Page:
“A man cannot be comfortable without his own approval”, wrote Mark Twain. And that tells us that we all have an inner critic who can be more or less tough, relentless or even cruel. On some occasions that voice can take command, becoming a constant and deafening a monologue that silences reason.
That critical self will tell us that we are not intelligent or talented enough, that we are not attractive enough, sociable, thin, successful… It will continually remind us of every mistake or failure of the past – however remote, small or inconsequential it may be – crushing mercilessly our self-esteem and throwing away any trace of motivation that might have ignited.
If we do not balance that critical self and give it wings, not only can it become frankly unpleasant, but it can end up limiting or even harming us. We can become our worst enemy and our biggest obstacle.
Your inner critic is not you
Our inner critic is one of the different selves that coexist in our personality. According to the “Self Theory”, our personality is composed of a multiplicity of selves that take command as necessary, to protect us from danger, guarantee our survival and make us less vulnerable.
But those selves do not always protect us – or at least not in the best way. Sometimes they can display a self-destructive drive, as in the case of a self uncontrolled and uncritical with itself. If we let our inner critic dominate over the other selves that make up our personality, sooner or later we will end up having a problem.
In other words, if we are much more critical than kind to ourselves, if we slap ourself more for the mistakes than rejoice for the achievements, it is easy to fall into a loop of negative thoughts that in turn generate great inner discomfort, which can cause us to start limiting and harming behaviors for ourselves.
That critical self does not come from nothing, it begins to develop in our childhood. In fact, if we pay attention to its dialogue, we are likely to be astonished discovering that some of the phrases that make up its speech and that we use to criticize ourselves do not even belong to us, are a reminder of those of our parents or other figures of authority.
That means that if our parents were very authoritarian, perfectionist or demanding, it is likely that our critical self is one of the predominant selves in our personality, so we cannot even take a step without being assaulted by its critical discourse.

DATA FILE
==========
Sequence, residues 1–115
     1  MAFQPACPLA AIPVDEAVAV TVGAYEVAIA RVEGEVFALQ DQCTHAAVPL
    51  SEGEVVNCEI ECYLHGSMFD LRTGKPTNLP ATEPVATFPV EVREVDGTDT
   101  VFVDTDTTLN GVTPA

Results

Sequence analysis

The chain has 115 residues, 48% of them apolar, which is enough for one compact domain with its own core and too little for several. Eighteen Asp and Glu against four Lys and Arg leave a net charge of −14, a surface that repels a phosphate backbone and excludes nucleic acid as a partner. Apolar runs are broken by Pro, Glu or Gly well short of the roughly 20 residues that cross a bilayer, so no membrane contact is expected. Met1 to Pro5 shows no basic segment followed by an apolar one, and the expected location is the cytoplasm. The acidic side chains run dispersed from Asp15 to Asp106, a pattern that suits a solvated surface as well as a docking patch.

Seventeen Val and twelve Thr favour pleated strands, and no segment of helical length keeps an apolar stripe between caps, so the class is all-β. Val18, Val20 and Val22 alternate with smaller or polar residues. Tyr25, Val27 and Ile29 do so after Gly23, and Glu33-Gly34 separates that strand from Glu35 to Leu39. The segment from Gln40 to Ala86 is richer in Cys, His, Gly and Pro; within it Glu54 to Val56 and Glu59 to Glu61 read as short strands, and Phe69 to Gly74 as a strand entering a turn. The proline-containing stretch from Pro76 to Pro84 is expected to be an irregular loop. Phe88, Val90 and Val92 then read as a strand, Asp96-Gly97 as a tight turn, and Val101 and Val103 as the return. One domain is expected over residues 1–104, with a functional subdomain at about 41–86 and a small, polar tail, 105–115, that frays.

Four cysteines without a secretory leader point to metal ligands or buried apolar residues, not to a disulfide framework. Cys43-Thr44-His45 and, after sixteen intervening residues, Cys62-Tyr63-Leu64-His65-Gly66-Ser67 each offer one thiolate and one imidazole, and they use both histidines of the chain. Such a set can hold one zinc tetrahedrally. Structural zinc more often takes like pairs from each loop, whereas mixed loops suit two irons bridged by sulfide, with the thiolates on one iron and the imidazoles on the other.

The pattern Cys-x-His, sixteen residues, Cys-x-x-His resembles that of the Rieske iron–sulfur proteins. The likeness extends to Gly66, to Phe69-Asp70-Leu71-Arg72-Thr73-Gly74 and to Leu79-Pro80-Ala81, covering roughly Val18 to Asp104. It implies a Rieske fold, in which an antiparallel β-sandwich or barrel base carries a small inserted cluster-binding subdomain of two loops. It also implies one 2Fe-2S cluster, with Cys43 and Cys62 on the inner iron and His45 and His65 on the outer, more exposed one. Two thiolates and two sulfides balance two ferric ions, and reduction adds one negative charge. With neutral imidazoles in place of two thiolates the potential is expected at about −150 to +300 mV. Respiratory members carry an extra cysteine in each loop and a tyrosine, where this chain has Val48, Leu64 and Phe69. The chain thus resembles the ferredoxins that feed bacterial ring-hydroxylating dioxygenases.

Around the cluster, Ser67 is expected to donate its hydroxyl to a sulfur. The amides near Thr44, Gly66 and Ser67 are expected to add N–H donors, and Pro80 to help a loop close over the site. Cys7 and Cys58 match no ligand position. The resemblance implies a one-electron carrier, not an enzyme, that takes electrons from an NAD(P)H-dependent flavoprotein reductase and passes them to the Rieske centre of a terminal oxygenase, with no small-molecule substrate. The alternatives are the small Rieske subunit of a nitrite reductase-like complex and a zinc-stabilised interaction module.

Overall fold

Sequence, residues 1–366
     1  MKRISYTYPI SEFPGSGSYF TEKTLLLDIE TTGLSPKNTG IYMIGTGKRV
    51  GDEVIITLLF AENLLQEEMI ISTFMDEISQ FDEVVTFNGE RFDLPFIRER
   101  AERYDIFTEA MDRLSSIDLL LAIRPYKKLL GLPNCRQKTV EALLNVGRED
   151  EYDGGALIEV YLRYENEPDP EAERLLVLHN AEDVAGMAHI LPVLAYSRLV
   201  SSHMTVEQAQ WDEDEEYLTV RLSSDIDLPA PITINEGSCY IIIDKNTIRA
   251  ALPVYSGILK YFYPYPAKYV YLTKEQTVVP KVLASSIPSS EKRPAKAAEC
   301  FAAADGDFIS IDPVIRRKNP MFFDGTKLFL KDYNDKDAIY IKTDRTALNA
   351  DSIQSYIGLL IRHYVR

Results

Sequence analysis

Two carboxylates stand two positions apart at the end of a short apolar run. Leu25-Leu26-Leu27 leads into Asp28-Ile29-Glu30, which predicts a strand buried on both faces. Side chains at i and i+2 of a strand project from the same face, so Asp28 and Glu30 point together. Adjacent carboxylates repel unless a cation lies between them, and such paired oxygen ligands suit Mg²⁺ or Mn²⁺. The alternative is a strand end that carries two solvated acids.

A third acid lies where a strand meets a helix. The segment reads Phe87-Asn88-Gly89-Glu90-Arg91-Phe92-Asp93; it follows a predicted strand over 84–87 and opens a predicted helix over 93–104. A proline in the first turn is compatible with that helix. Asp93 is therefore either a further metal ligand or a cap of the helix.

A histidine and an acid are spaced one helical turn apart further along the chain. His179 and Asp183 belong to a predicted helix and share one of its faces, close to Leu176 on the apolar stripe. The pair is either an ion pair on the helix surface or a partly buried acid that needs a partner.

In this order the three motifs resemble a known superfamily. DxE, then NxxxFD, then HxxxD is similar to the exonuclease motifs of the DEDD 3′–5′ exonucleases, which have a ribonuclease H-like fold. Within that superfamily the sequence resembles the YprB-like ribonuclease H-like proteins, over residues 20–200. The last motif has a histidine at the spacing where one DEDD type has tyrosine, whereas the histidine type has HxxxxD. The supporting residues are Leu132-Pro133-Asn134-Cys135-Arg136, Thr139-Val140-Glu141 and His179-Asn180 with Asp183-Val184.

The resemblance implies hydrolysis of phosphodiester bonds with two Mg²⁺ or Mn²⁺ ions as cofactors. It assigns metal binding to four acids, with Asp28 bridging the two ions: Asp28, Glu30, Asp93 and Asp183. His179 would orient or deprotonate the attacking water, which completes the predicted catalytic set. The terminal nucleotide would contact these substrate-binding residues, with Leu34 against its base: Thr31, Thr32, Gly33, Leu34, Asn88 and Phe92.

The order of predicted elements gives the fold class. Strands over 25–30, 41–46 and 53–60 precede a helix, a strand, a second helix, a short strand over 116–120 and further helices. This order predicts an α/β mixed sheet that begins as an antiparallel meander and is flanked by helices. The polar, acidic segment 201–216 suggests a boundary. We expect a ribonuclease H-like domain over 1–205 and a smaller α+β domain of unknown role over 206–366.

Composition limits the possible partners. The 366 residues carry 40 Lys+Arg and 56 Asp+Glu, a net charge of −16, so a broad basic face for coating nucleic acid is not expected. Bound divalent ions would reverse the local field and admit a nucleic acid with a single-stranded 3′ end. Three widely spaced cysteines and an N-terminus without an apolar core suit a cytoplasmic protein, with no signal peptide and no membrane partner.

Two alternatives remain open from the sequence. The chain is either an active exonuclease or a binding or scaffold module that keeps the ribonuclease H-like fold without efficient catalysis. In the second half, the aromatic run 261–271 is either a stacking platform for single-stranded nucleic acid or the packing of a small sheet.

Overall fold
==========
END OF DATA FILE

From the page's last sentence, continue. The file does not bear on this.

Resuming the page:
How to balance the inner critic?
When self-criticism is excessive is not good. Psychologists at the University of Missouri found, after studying more than 800 teenagers and young people over a period of six months, that those who used to complain and criticize themselves frequently exposed themselves to a greater risk of suffering depression or anxiety.
The criticism itself is not negative, but when it is constant and excessive it becomes limiting, to the point of paralyzing or reducing our self-esteem to ashes, so it is not strange that we end up suffering immense anxiety due to fear of failure or a severe depression generated by the feeling to be worthless.
Unfortunately, silencing the inner critic is not so simple, especially when it is one of the dominant selves of our personality. We can argue with that voice looking for counterarguments, use positive affirmations or even make as if it did not exist, but none of those strategies usually works. In fact, they usually have the opposite effect: they reinforce the inner critic and give it more power, making him the only voice we hear.
To achieve real change, the key is to detract power from our critical self. A simple, practical and very effective trick is to give it a name. When we associate a name with that voice, we automatically detract from it authority and importance.
Giving it a proper name, which differentiates our critical self from ourselves, will also allow us to assume the necessary psychological distance, which will help us evaluate its speech with greater objectivity. We must not forget that due to selective laziness, 60% of the time we would be willing to reject our own arguments when exposed by someone else.
That means we are more critical of others’ ideas than ours. Giving a name to our critical self will allow us to be critical of its ideas.
Of course, the ultimate goal is not to get rid of the critical self because a dose of self-criticism is always necessary. It cannot become one of our repudiated selves. The ultimate goal is to ensure that this inner critic is in balance with other more kind and motivating selves, in a way that helps us grow as people, instead of condemning ourselves to permanent dissatisfaction with ourselves.
Rose, A. J. et. Al. (2007) Prospective associations of co-rumination with friendship and emotional adjustment: considering the socioemotional trade-offs of co-rumination. Developmental Psychology; 43(4):1019-1031.
Trouche, E. et. Al. (2015) The Selective Laziness of Reasoning. Cognitive Science; 1-15.
Smith, C. (2015) 3 Ways to Outsmart Your Inner Critic. In: Psychology Today.